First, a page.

Nested Sortable WidgetAugust 19, 2007
UPDATE: The plugin has now reached its 1.0 version, and is available in a compressed version and with documentation. Please check the project homepage at: http://nestedsortables.googlecode.com/
I am posting a demo of what I am calling the Nested Sortable Widget here.
In this example I am only showing a small subset of the possible configuration options it has. The component/widget is basically finished, but there is still a tiny bug in IE when you drag items with more than one hierarchy, which I am going to investigate soon. The “save” function also need a few extra hours of work to be finished, but that doesn’t affect the demo. Reports for any other bugs are welcome.
The main features of the component are:
- Loads data from a JSON data source, with a predefined format (I will explain it once I create the final doc. for the widget, but it is very simple and can be inferred from the demo) . This format is very compact and very easy to generate and manipulate in any server side language, since it only uses standard data structures, like arrays and hashes, unlike XML.
- Support for pagination, both in the server (it will only load smaller chunks of data each time) and in the client (it will display smaller chunks of data at a time).
- Funky way to move items from one page to another, following Mike’s suggestion.
- Can display data with multiple columns, all you have to do is change your data source.
- Allows you to change the nesting direction to right to left, and it will change the order of the columns automatically.
- Lots and lots of easy options to to customize the visual appearance of the widget and most of it other aspects. Don’t worry, I will document them all (or you may dig in the code and figure it out now :)).
More details about pagination
In the demo I am showing it being used with pagination, with 5 items per page, on a dataset of about 30 items. I set up a simple PHP page as a demo data source that will spit clusters of a bigger JSON with the whole data, according to the page requested (actually, you request the first item and the total number of items you want, as I will explain). Optionally, you may simplify the data source and always reply with the whole dataset, pagination will still happen in the client side. Or your data source may be “greedy” and reply with a bigger chunk than the one requested. The component will be smart enough not to request any data it already has. Using Firebug in Firefox allows you to see very easily when and what data is being requested/returned.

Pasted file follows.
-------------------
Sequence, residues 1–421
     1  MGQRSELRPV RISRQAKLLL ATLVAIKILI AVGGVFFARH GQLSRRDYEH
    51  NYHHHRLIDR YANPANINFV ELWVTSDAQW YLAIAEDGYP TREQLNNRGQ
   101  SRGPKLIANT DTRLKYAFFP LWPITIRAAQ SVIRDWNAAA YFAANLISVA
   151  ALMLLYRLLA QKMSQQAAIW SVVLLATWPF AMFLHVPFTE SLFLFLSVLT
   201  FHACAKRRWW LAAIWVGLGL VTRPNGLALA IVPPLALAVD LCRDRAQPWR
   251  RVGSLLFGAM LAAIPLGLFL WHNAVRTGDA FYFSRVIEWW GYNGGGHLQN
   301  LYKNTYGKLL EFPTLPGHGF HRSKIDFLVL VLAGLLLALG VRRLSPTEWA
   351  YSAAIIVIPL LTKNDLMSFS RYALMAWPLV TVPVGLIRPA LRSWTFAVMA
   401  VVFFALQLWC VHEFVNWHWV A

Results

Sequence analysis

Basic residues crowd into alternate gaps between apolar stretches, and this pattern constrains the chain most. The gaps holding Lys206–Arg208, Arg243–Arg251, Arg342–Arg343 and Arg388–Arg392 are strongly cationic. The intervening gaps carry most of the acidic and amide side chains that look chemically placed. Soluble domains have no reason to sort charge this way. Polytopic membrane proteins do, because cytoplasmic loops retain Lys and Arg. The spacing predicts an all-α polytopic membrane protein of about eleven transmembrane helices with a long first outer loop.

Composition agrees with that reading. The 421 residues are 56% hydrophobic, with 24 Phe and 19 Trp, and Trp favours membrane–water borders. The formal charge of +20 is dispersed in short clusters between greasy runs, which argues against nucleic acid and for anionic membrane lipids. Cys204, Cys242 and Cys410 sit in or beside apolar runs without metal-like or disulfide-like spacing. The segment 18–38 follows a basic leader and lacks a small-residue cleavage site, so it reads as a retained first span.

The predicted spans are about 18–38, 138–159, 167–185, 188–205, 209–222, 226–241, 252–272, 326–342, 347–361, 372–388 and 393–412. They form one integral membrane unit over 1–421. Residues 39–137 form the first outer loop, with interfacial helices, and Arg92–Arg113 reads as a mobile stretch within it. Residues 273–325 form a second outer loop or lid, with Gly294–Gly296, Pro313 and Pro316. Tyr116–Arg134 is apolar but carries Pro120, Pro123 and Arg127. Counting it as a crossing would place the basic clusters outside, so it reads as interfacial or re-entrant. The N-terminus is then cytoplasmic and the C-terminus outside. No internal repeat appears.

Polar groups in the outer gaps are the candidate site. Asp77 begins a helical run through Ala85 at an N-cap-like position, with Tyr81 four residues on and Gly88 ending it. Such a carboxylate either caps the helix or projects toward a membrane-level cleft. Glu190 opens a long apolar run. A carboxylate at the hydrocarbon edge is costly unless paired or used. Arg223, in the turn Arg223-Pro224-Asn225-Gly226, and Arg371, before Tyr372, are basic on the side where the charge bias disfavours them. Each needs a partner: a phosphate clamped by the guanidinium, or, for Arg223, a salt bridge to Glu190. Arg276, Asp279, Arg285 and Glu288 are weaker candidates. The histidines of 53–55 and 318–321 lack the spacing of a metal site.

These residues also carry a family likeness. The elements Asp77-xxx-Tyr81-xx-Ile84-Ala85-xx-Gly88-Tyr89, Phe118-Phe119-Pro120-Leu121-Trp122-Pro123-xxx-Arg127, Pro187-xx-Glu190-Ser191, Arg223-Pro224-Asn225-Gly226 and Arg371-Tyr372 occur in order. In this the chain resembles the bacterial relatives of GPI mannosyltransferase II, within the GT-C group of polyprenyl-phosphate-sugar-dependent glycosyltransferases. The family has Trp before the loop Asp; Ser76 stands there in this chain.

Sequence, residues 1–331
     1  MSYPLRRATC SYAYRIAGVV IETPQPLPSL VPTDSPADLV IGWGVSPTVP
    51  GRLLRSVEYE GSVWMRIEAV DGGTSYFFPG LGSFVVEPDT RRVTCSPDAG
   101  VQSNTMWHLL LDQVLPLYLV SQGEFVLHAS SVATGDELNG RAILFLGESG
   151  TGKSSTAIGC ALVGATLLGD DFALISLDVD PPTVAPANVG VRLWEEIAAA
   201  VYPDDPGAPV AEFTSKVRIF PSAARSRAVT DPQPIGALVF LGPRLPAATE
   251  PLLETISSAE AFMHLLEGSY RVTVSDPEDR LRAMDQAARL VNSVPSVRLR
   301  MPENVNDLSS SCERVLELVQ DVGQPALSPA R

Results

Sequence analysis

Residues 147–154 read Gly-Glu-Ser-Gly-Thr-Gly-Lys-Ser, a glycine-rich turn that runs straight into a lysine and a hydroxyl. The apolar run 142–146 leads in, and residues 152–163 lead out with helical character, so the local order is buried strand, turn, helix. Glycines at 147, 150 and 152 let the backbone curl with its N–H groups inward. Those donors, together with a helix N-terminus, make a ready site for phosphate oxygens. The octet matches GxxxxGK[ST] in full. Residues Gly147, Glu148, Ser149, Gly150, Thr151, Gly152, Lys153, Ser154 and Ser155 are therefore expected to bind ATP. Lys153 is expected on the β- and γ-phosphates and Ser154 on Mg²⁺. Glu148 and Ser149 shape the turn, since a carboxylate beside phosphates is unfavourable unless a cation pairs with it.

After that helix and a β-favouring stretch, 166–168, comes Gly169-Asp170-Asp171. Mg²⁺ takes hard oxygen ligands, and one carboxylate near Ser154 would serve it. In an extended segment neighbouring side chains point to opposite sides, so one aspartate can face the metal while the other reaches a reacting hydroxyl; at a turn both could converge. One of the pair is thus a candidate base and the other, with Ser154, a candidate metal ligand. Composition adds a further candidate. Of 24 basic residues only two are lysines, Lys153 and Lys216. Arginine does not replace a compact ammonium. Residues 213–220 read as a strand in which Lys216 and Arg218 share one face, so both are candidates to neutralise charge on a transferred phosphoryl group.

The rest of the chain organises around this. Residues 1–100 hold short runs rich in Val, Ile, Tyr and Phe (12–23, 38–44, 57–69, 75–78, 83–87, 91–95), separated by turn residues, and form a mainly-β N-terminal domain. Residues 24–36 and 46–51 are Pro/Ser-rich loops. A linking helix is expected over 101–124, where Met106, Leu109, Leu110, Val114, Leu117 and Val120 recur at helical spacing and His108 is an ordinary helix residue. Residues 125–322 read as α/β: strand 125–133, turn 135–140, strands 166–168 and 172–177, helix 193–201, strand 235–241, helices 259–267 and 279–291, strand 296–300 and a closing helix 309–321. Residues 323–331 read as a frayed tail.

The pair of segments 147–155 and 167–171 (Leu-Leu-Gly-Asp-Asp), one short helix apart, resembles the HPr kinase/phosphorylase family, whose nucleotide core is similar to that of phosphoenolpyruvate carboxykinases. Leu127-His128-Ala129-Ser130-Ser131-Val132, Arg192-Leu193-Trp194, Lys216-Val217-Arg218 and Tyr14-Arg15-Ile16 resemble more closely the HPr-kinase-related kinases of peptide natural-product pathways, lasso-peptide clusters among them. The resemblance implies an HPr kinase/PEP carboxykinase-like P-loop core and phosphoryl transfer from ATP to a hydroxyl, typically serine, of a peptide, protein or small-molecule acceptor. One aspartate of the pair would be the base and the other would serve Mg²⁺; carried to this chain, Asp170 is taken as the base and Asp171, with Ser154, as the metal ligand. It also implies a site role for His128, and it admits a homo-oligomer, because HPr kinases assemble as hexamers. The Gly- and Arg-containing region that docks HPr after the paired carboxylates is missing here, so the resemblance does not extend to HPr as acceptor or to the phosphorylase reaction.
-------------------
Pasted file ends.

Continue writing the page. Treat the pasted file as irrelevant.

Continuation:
In most cases I think sending the whole chunk of data could be the simpler and also the faster way to handle pagination, specially in the WordPress page list use case. It would be very unlikely, to have a user with more than, say, 100 pages to order, which are still very fast to load at once (I am guessing it would take less than 5kB for 100 items). If you do that, the client will still see the data paginated, but the server doesn’t need to worry about it at all. The component obviously has support for no pagination as well, you only have to turn a flag off, and in this case the client will see all the data at once.
You will notice that in my demo a page won’t always have 5 items, sometimes it will have more: this is by design, as if I was to enforce only 5 items per page we would have to break hierarchies in half, what would be weird for the user and terrible to program, as well, as I have discussed in earlier posts. The way I figured to solve the inconsistencies and avoid duplicate items among pages is described in the following paragraphs:
First, what does the component displays in each page then? Initially, when it is loaded, it requests the first item of the page being loaded. If loading the third page with 5 elements per page, that would be the element with the zero-based index order of 15. But it will actually display the first element after the one with index 15 that doesn’t have any parents – we will call it a ‘root’ element from now on. And it will display at least 5 items, since it will always show complete hierarchies.
When the component needs some data to display a page, it will make a request with 2 parameters:
- firstIndex (what is the zero-based ordered position of the next item I want to fetch and display. Note the component actually wants to display, as the first item in the page being shown to the user, the first root element after it, but it doesn’t know in advance what it is )
- count (how many items, at minimum, should be returned)
The server should reply with the data, in JSON format, that, besides the data itself, has the following parameters:
- requestFirstIndex (what firstIndex was requested)
- count (how many items were actually returned, which should be greater or equal to what was requested)
- firstIndex (what was the index of the first element actually returned; ideally, it should be the first root item after requestFirstIndex , but it could be also be any root element before it, it could even be ‘0’, if the server decided to return the whole dataset )
- totalCount (how many items does the dataset has in total)
Note that the server should always return the whole data that the component wanted to display. Eg: if we request firstIndex = 10, count=5, the server could return firstIndex = 5, count=20, but not firstIndex = 5, count=8.
To be brief: The server should always return what the component wants to display right now, but it could also return more, to the left, or to the right. I know it may sound a little confusing, but it is actually not that big deal.